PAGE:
Mounted with a Zippy 4000 20c battery the weight crawls up to 1048 grams.
 Not done yet, we need to configure the KK2 board and mount the signal wiring from the motors
Check your cabling before plugging in your battey. Once checked plug in your battery. The KK2 should fire up. Using the 4 buttons at the bottom navigate down to "Load motor layout".
 Choose Quadcopter X mode.
 Yes you are sure.
 This gives you the motor layout. motor 1 signal goes to pin 1 on top of the power cable we previously plugged in the KK2 board. Motor 2 on pin 2 and so on. Remember the motor direction as well, jot it down on a small paper, you will need to alter it later on. If you don´t have paper you can always check the configuration using the KK2 board
 Exit back to the menu and move up in the menu to receiver test.
You should see your receiver settings. You need to trim your radio to get Aileron/Elevator/Rudder to 0, you can move the sticks on the radio and check if your setup is correct. If you move the throttle stick up, the corresponding throttle on the KK2 board moves up and so on.
Trim your radio using the Trim buttons to get the settings on the KK2 board to 0
 Once trimmed all settings should be Zero, you can also flip your switch that you programmed to check if it works.
 You need to calibrate your accelometer, navigate back to the main menu find ACC calibration.
Put your quad on a level surface. 
 System calibration taking place.
 All done
 Another options available on the KK2 board is the selv-level under mode
 You can if you have programmed your radio, use a switch to activate and deactivate self-level. Otherwise you can change this setting to always on. The KK2 board will power up with self-level on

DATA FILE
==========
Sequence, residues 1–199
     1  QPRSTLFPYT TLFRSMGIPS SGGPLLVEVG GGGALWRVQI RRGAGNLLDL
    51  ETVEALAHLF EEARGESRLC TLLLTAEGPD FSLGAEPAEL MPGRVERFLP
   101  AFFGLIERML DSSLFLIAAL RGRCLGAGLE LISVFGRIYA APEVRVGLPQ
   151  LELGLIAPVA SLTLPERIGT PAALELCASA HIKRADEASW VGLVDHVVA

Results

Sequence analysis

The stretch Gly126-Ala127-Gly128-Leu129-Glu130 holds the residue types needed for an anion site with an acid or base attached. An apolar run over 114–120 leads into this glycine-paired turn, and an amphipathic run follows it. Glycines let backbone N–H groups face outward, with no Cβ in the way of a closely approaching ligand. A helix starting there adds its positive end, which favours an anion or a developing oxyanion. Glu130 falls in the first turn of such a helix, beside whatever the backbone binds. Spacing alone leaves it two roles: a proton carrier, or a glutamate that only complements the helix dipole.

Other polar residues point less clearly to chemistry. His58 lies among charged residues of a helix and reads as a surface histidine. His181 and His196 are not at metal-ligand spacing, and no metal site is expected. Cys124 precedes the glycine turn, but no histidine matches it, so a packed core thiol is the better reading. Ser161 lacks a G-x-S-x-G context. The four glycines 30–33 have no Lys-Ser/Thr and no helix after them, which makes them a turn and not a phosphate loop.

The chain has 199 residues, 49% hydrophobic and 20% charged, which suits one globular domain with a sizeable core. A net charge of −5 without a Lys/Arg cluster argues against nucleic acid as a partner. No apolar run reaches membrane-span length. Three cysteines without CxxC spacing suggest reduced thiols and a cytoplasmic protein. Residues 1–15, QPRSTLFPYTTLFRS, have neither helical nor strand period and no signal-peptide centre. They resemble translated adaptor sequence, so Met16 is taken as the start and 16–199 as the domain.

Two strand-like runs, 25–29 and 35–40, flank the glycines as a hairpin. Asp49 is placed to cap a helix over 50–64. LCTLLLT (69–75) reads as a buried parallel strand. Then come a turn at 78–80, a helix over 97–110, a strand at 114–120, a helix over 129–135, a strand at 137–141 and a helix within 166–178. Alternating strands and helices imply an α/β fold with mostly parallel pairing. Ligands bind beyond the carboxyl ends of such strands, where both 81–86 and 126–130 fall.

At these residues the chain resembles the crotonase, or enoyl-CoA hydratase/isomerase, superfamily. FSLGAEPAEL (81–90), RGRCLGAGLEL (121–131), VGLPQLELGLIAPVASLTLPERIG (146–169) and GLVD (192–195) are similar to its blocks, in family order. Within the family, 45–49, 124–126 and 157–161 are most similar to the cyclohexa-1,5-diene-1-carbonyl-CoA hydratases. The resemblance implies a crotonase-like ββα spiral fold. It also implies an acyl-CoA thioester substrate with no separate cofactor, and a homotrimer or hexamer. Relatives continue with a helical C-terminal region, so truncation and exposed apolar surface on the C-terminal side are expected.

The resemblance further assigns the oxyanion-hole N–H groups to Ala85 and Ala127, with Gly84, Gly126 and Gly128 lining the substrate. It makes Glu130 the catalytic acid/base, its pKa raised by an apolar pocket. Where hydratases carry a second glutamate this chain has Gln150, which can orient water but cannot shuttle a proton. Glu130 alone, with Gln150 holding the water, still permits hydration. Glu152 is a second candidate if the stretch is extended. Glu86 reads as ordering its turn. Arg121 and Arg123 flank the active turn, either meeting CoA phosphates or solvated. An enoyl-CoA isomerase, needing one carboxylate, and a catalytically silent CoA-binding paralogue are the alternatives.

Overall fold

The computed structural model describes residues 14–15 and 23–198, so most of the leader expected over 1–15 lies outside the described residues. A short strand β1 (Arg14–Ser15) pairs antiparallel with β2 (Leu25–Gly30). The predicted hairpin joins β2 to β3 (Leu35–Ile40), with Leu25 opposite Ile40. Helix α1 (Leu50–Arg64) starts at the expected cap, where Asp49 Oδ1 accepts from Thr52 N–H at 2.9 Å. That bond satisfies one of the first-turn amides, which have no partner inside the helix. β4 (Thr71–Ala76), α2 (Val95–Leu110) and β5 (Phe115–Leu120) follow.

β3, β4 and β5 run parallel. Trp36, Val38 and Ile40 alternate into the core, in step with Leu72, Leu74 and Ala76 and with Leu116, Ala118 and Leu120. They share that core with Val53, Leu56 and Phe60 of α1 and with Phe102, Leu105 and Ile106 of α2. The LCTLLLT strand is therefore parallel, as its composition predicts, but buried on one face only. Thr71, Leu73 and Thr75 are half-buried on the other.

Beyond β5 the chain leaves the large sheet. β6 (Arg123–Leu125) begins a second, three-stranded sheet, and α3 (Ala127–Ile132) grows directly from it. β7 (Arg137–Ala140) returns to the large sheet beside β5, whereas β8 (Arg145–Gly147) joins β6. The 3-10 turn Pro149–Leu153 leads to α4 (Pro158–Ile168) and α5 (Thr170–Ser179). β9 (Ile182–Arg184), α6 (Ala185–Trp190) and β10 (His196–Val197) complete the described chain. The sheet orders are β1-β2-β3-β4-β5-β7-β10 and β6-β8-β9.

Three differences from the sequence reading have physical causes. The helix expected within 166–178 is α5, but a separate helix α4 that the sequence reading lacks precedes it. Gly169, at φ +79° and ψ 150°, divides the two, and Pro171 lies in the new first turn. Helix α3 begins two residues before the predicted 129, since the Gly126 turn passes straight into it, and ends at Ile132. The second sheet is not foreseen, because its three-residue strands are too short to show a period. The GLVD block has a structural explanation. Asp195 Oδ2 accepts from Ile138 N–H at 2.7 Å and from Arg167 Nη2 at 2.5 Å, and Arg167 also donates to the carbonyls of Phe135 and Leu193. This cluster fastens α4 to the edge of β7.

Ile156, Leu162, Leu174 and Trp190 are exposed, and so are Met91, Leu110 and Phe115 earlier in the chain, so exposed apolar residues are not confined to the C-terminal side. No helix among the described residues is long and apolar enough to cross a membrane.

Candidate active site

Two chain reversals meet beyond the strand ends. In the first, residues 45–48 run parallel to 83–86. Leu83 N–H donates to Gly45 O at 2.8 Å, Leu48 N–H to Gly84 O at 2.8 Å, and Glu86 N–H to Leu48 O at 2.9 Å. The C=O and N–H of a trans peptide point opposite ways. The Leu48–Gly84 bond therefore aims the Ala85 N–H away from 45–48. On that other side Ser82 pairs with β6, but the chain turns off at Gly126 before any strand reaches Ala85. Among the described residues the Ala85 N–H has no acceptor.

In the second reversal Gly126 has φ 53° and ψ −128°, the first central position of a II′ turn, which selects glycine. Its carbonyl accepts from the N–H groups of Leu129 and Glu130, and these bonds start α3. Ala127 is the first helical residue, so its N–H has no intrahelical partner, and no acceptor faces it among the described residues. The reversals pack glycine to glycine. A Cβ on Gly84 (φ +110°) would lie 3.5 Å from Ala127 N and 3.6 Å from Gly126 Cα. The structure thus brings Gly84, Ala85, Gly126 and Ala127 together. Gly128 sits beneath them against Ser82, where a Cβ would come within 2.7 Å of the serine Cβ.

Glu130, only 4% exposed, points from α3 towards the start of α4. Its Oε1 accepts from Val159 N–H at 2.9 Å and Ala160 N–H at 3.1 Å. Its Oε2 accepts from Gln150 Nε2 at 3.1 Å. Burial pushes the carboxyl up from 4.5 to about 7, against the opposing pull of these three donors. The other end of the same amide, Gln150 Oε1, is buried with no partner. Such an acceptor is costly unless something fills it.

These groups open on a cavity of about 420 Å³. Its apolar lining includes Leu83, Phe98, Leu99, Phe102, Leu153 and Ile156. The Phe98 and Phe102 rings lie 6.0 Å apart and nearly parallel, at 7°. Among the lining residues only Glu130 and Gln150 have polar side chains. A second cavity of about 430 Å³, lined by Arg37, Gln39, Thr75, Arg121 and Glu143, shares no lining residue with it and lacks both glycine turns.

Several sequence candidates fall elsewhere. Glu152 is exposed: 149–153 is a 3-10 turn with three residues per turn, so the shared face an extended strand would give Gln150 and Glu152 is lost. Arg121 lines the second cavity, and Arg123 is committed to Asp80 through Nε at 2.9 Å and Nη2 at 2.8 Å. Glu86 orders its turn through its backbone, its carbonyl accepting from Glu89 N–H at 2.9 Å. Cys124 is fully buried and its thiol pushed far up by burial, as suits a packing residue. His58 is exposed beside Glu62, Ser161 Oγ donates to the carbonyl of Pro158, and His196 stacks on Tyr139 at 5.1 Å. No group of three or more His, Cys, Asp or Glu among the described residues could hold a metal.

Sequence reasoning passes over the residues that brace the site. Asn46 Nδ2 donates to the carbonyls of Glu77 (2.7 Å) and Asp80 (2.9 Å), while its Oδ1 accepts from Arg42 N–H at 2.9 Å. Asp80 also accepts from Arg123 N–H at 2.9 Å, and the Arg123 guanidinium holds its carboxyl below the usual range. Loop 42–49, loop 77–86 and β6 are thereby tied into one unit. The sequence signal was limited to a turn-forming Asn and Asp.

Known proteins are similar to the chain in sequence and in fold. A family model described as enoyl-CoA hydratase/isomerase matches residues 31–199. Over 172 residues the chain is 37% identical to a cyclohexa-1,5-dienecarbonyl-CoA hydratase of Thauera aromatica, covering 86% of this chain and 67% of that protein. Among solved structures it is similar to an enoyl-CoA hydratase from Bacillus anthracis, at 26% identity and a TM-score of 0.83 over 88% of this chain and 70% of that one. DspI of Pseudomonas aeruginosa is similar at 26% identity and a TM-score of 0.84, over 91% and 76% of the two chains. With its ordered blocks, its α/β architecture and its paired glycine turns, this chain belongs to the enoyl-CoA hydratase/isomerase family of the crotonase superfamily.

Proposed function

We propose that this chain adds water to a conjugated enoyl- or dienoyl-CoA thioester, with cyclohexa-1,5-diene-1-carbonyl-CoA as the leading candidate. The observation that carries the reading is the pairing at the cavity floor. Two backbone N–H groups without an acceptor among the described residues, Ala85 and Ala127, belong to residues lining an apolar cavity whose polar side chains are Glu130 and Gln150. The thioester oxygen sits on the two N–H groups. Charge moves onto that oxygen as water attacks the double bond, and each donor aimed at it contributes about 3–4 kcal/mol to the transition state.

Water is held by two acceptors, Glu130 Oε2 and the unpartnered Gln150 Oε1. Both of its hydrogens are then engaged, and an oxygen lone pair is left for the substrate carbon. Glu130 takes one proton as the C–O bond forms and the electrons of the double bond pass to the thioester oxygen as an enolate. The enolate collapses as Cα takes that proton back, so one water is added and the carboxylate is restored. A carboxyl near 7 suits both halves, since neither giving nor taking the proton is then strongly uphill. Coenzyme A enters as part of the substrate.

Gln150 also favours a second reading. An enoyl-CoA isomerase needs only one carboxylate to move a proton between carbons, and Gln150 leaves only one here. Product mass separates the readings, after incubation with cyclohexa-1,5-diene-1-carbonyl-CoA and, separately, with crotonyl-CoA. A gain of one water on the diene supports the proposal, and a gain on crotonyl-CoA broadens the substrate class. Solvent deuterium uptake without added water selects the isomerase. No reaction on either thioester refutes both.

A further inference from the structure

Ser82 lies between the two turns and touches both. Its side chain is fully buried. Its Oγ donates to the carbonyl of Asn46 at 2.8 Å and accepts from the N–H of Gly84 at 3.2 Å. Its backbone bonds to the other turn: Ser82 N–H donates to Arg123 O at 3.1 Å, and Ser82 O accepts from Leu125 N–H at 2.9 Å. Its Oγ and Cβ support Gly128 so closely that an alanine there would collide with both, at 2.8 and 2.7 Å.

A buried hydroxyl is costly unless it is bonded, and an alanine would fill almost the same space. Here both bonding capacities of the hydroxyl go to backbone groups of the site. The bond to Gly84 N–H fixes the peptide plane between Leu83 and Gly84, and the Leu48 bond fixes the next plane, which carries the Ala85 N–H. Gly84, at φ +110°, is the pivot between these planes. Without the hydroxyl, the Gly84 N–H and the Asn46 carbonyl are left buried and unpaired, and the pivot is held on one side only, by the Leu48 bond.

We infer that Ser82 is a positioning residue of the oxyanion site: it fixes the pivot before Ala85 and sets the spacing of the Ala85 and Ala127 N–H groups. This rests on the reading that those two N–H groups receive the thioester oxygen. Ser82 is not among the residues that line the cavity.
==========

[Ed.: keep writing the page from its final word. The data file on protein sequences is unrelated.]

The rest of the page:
Other options include setting your battery alarm under the menu option misc. settings 1, mine is set to beep at 10.6 volts
 You can trim the battery if it displays the wrong value on the the on-screen display, this is done under misc settings 2.
 If in doubt, you can check if all the sensors are working correctly.
all good!!! 
There are a number of options like tuning the PIDs for better flight characteristics but will get into that later.
The finished product.
 The motor mounts all facing the same direction, and it does initially take off, but might need some offset trimming.

Well not bad for a couple of hours work. Time to fly....

Well after a couple of flights with this frame, I thought I would give my views on it. All in all the frame is very light and stabil frame, flying was very easy and due to the light weight it gave good flight times. It maneuvers nicely and quickly. 

Pros: The motor mounts tend to give way on landings, turning the motor just enough to unbalance it, this means that you have to center the motor once in a while when it starts to yaw. I tightened the bolt holding the mount, but did no good. I noticed that the mount is working its self into the carbon fiber tubing and slowly wearing it away. This will eventually become an issue as it will require a new tube. I have considered ordering a 12mm motor mount off ebay to use instead and moving the landing gear further inwards, loosening them a tad, so that they can give way if they endure a heavy landing, thus not wearing the tube.

After 4-5 flights without crashing the mount wears the carbon tube
My new plan is to move the landing gear further down the tube, loosen them a bit so they can give way and mount an extra 12mm alu motor mount at the end of the tube, this way the motor will be more stable.